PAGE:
19 Once when speaking of a dinner having real merit because of those who were invited to attend, Jesus explained why it had merit, saying: “You will be repaid in the resurrection of the righteous ones.” This brought to a person’s mind the privilege of having a meal with Jehovah God, for we read: “On hearing these things a certain one of the fellow guests said to him: ‘Happy is he who eats bread in the kingdom of God.’” (Luke 14:12-15) In response to this exclamation Jesus gave the parable of the “grand evening meal” spread by a certain householder. By this Jesus showed that not all would have the happiness of dining with God in the Kingdom.—Luke 14:16-24.
“LIFE IN YOURSELVES”
20. Those who gain ‘life within’ themselves by eating Christ’s flesh and drinking his blood have life in what measure, and where and when will they use this capacity?
20 In John 6:53 Jesus said: “Unless you eat the flesh of the Son of man and drink his blood, you have no life in yourselves.” Because the similar expression occurs here as appears in John 5:26, An American Translation renders John 6:53: “I tell you, if you do not eat the flesh of the Son of Man and drink his blood, you have no self-existent life.” So Jesus here meant “life” with a specific capacity when he went on to say: “He that feeds on my flesh and drinks my blood has everlasting life, and I shall resurrect him at the last day.” (John 6:54) That everlasting life is to be enjoyed by the one gaining it, not on earth, but in the heavenly kingdom with Christ. He will enter into such life when he is resurrected by Jesus Christ at “the last day.” Those who, with Christ in the heavens, have such ‘life in themselves’ will be able to impart to others the benefits of Christ’s human sacrifice. They will do so when the redeemed ones of mankind are called out of their memorial tombs on “the last day.”—John 5:28, 29.
21, 22. (a) In what respect was Jesus’ flesh and blood “true food” for the partakers? (b) Such partakers have what relationship with him and what dependence on him?
21 When we contemplate the quality of the “everlasting life” that is to be gained in heaven, we appreciate why Jesus said: “My flesh is true food, and my blood is true drink.” (John 6:55) After that remark he showed the special relationship into which his obedient disciples would enter by adding the words: “He that feeds on my flesh and drinks my blood remains in union with me, and I in union with him. Just as the living Father sent me forth and I live because of the Father, he also that feeds on me, even that one will live because of me.” (John 6:56, 57) Thus Jesus spoke of his disciples as remaining in union with him and his remaining in union with them. Later, in like phraseology, he said in a parable:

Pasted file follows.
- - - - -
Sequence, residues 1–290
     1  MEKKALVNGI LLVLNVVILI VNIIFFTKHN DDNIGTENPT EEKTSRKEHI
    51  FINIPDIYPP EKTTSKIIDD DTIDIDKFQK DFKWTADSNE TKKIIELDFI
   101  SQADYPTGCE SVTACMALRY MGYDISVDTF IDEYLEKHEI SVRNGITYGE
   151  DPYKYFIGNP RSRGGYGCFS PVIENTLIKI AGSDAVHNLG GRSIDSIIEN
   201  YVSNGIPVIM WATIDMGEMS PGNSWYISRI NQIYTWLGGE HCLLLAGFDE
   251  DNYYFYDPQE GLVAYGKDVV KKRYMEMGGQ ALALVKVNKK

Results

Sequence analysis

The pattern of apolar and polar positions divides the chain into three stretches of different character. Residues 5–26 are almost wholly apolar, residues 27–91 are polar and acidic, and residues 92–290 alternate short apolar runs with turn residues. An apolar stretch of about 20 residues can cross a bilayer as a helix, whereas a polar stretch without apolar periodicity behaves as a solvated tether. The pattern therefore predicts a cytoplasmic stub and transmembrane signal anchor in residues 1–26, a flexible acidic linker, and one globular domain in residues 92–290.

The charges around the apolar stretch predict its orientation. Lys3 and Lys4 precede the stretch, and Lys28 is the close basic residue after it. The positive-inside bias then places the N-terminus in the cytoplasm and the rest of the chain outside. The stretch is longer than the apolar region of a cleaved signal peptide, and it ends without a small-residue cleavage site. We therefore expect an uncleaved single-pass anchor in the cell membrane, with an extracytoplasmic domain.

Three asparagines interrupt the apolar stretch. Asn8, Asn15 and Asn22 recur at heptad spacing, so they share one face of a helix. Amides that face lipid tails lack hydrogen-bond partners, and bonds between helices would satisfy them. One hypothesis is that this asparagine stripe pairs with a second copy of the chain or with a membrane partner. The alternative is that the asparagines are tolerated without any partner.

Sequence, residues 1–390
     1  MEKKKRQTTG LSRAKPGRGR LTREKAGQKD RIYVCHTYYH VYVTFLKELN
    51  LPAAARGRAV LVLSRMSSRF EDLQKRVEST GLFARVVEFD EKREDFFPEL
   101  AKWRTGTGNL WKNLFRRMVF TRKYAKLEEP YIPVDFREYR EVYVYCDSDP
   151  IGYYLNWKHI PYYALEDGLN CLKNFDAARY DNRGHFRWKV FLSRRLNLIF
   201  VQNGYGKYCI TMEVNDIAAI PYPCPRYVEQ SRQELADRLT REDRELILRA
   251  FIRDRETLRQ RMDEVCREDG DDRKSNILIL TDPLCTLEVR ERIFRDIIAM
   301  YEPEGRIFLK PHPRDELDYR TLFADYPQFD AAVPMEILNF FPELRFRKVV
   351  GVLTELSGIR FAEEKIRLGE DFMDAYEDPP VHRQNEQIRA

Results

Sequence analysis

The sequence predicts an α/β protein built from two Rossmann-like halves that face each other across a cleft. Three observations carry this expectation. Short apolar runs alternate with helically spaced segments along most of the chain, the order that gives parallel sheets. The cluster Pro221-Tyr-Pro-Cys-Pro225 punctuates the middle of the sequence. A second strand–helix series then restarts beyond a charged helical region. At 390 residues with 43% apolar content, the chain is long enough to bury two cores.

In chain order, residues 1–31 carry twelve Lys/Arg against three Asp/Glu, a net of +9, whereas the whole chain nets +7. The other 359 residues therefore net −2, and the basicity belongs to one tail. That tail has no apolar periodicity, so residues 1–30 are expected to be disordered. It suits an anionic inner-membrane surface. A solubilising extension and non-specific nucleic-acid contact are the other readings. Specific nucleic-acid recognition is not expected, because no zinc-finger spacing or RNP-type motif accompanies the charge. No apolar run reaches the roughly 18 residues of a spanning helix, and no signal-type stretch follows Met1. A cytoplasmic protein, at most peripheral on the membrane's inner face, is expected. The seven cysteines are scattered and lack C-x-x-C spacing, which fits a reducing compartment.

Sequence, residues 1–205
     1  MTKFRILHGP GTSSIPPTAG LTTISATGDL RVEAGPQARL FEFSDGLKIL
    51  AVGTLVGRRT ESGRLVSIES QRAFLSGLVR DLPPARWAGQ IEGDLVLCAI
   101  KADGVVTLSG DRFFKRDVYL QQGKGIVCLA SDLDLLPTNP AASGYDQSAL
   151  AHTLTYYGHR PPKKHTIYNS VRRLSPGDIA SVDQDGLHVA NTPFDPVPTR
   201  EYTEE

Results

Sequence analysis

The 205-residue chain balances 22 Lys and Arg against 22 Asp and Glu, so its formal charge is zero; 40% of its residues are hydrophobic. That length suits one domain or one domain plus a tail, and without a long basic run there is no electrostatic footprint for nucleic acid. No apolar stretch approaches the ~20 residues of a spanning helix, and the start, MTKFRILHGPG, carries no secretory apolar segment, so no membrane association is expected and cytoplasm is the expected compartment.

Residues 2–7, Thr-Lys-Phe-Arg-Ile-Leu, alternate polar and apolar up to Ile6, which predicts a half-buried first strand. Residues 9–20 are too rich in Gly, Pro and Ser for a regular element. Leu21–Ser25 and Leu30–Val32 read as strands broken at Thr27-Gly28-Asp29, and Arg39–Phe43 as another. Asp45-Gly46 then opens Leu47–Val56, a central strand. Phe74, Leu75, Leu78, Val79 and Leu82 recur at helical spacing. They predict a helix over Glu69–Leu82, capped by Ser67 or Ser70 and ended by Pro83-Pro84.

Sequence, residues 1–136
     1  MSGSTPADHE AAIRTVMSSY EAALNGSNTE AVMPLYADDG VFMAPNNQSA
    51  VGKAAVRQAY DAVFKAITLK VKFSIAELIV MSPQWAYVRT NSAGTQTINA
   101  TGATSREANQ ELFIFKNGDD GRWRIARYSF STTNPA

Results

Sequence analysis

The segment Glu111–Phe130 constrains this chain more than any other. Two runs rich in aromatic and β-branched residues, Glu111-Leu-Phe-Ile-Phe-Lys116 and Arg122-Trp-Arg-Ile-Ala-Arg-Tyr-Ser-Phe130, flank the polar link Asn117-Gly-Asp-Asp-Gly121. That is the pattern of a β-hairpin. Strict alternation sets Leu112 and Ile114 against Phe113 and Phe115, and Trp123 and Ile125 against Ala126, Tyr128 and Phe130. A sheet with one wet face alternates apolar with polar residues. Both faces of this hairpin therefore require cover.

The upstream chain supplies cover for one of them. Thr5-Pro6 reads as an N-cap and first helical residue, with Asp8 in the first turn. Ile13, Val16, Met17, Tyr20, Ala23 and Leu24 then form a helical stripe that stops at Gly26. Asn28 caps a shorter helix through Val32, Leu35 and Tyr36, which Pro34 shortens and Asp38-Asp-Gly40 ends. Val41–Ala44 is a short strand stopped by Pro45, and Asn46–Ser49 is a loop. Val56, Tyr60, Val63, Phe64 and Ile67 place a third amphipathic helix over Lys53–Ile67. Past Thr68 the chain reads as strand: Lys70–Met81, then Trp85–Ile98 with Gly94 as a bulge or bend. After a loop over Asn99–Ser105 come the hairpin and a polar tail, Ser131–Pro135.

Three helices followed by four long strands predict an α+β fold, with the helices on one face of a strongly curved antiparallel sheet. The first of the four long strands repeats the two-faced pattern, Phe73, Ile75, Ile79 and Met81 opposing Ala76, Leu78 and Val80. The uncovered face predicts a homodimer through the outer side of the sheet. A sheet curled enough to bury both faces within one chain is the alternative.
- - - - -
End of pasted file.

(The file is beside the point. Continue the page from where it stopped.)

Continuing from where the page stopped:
22 “Remain in union with me, and I in union with you. Just as the branch cannot bear fruit of itself unless it remains in the vine, in the same way neither can you, unless you remain in union with me. I am the vine, you are the branches. He that remains in union with me, and I in union with him, this one bears much fruit; because apart from me you can do nothing at all.”—John 15:4, 5.
23. Why, then, did Judas Iscariot fail to gain ‘life in himself’?
23 Although Judas Iscariot remained in the personal company of Jesus Christ for more than a year longer, he did not remain in union with his Master. So he did not take up feeding on Jesus’ sacrificed body and drinking his blood, from Pentecost of 33 C.E. onward. He failed to gain ‘life in himself.’—John 6:66-71.
24. (a) How was Jesus the “bread” that came down from heaven? (b) How did Jesus live because of the Father, and how do those feeding on him live because of him?
24 However, Jesus reminded Judas and the rest of his Jewish audience there in that assembly in Capernaum of how their forefathers ate manna in the wilderness to sustain themselves. In closing his talk, he said: “This is the bread that came down from heaven. . . . He that feeds on this bread will live forever.” (John 6:58) He had been “the Word” of God up in heaven, but, at God’s due time, he “became flesh.” (John 1:14) Thus as a perfect fleshly Son of God he was “the living bread that came down from heaven,” the antitypical manna. His flesh, which served as symbolic manna for the spiritual Israelites,* also serves “in behalf of the life of the world.” (John 6:51) Today Jesus Christ lives again in the heavens, immortal, because of his heavenly Father, for this “living Father” resurrected him from the dead to spirit life. Correspondingly, the disciple that “feeds” on the antitypical manna (Christ’s “flesh”) before the coming of “the last day” will, as Jesus said, “live because of me,” for the living Jesus will resurrect him “at the last day.”—John 6:54, 57, 58.